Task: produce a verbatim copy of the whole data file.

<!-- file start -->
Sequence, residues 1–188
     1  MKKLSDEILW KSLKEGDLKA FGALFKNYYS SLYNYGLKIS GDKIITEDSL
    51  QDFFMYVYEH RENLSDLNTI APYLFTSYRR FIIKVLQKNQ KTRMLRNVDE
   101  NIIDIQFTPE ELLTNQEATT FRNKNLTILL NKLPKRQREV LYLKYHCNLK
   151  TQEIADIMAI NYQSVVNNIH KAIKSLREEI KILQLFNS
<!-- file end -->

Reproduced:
Sequence, residues 1–188
     1  MKKLSDEILW KSLKEGDLKA FGALFKNYYS SLYNYGLKIS GDKIITEDSL
    51  QDFFMYVYEH RENLSDLNTI APYLFTSYRR FIIKVLQKNQ KTRMLRNVDE
   101  NIIDIQFTPE ELLTNQEATT FRNKNLTILL NKLPKRQREV LYLKYHCNLK
   151  TQEIADIMAI NYQSVVNNIH KAIKSLREEI KILQLFNS